Last week I’d had a little bit of an epiphany while reading one of Brad Feld’s posts. I made the following comment to his post:
When I read your paragraph about legacy data, I started thinking about your Glue theme and the bad Terminator (T-1000) in the movie Terminator 2. When the bad Terminator was torn apart, its various pieces would return to collective (for lack of a better description). Wouldn't it be cool if your data could automagically find its way home?
Since then, the possibility of auto-homing data has been rolling around in my head. The basic idea is to have your data return home to a central repository regardless of the original entry point for the data.
For example, I typed the comment above into Brad Feld’s blog, but I would like to have a copy of the comment along with the comment’s context (date, blog etc.) for my own personal data store. Currently, Brad Feld has my data; I can copy it and paste it into a document or a database, but I have to do that myself, there’s nothing that will do it for me.
With auto-homing data, I want my data to automatically find my data store and incorporate itself into the collective. This may seem a little strange at first, but in many ways it’s similar to email. With email, content is created and sent to an address; the content did not have to be created at a specific place or within a specific application, it just has to be sent to the correct address.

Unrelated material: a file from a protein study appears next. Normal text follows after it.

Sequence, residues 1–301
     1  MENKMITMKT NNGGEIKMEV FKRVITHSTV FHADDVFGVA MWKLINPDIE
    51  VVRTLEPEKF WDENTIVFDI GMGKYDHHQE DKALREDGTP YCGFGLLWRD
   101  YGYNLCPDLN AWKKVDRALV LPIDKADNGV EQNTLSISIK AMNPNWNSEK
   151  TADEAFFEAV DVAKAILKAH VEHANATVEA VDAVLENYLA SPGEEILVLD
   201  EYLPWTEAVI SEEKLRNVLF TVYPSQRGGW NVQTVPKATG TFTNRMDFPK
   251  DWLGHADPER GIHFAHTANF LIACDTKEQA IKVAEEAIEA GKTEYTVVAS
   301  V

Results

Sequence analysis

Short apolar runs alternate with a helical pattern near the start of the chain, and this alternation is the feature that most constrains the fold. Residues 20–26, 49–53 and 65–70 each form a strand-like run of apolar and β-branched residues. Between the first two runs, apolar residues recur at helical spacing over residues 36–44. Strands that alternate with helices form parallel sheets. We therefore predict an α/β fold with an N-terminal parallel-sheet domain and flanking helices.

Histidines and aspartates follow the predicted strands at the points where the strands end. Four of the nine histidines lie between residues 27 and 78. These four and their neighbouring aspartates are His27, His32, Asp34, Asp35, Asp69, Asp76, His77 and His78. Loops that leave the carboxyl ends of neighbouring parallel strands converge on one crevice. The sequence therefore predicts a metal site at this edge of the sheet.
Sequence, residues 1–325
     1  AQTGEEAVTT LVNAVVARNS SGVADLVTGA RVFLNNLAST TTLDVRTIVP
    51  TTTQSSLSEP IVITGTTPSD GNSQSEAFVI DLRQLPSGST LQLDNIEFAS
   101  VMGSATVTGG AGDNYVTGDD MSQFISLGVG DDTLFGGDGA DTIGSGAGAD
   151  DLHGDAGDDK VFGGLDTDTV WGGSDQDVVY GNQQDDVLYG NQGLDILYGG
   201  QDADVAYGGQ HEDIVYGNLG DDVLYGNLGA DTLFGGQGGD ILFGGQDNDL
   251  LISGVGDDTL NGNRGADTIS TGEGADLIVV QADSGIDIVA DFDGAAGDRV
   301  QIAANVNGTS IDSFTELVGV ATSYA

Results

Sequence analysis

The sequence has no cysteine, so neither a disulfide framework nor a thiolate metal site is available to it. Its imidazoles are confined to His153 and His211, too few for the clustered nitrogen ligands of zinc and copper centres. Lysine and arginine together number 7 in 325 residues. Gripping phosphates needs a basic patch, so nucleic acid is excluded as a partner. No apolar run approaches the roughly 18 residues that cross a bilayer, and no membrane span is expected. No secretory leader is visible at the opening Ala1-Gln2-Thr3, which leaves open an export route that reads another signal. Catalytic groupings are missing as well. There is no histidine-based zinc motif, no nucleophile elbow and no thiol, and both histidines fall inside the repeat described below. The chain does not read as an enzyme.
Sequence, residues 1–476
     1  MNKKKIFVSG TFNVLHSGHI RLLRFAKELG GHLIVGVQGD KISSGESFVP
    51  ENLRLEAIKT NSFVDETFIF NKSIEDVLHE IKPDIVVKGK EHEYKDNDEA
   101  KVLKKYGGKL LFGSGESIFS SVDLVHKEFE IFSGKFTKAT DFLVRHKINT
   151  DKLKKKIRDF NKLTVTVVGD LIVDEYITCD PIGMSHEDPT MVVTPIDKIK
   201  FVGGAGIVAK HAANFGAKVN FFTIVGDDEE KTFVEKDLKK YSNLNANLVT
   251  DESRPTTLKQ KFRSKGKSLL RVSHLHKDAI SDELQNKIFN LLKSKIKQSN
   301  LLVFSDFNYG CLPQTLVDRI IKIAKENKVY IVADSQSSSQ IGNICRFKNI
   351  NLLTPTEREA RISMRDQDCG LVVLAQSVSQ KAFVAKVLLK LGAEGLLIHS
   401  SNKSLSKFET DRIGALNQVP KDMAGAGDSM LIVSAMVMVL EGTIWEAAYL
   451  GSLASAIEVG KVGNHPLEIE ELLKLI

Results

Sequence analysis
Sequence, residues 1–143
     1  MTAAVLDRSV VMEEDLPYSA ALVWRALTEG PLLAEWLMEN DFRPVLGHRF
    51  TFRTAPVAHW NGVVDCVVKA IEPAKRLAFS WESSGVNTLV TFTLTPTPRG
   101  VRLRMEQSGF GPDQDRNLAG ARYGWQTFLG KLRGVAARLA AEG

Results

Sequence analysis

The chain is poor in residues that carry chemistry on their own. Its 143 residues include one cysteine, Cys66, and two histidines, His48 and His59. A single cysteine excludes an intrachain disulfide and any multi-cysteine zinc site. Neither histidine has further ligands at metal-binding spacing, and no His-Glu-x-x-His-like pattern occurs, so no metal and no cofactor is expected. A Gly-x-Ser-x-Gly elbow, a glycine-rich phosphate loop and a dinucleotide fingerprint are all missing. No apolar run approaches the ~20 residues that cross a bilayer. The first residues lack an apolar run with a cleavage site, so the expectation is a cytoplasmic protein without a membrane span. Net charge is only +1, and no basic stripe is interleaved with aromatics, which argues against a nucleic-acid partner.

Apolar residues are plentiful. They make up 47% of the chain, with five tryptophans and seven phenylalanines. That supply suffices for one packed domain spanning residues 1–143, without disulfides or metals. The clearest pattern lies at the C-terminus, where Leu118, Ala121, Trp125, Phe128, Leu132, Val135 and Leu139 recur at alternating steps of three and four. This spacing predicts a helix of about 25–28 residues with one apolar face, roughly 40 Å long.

I think we have all of the technologies we need to make auto-homing data happen. Something as simple as an html tag or a microformat could be used to demarcate data for auto-homing. We have the transport protocols, POP, XMPP and other standards to help move data around. Almost all data storage systems (i.e. databases) can interact with XML and JSON formatted data. And, there’s a ping service, Gnip Central, that could be used to notify a system that new and updated auto-homing data is available.
Of course, there are a number of obstacles to overcome such as walled gardens and data spam (yep!), but I think those obstacles could be overcome. I think it’ll happen; I think I’ll see the day when my data will automagically appear in the collective and I want to be a part of making that happen.